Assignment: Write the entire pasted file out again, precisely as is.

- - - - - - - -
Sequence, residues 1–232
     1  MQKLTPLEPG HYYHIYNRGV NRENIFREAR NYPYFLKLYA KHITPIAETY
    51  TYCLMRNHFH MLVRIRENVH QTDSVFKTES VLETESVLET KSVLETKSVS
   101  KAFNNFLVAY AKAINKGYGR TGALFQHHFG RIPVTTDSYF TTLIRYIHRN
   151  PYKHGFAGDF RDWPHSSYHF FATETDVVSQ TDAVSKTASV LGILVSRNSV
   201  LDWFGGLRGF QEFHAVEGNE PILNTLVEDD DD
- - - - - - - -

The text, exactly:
Sequence, residues 1–232
     1  MQKLTPLEPG HYYHIYNRGV NRENIFREAR NYPYFLKLYA KHITPIAETY
    51  TYCLMRNHFH MLVRIRENVH QTDSVFKTES VLETESVLET KSVLETKSVS
   101  KAFNNFLVAY AKAINKGYGR TGALFQHHFG RIPVTTDSYF TTLIRYIHRN
   151  PYKHGFAGDF RDWPHSSYHF FATETDVVSQ TDAVSKTASV LGILVSRNSV
   201  LDWFGGLRGF QEFHAVEGNE PILNTLVEDD DD